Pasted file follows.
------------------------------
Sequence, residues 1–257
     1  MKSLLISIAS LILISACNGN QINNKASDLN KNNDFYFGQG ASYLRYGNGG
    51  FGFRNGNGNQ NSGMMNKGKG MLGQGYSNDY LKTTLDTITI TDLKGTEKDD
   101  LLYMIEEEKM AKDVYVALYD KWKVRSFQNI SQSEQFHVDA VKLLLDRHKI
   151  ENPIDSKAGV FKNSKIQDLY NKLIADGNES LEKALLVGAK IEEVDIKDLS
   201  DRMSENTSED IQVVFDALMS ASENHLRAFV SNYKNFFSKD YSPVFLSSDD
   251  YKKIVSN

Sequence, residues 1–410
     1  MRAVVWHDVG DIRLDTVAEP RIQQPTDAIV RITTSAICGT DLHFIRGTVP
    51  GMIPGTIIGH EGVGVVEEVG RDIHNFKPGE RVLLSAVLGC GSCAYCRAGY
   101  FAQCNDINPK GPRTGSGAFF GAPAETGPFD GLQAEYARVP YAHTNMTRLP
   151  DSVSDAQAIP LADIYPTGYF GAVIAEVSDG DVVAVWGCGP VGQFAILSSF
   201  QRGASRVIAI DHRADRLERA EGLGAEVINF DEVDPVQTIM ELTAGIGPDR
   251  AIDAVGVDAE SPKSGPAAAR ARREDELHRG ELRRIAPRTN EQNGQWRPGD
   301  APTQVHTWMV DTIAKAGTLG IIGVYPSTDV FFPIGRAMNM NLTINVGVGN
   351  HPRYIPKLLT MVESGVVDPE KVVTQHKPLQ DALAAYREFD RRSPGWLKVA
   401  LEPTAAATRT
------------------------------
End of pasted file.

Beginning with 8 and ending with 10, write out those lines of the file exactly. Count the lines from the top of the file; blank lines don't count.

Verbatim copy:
Sequence, residues 1–410
     1  MRAVVWHDVG DIRLDTVAEP RIQQPTDAIV RITTSAICGT DLHFIRGTVP
    51  GMIPGTIIGH EGVGVVEEVG RDIHNFKPGE RVLLSAVLGC GSCAYCRAGY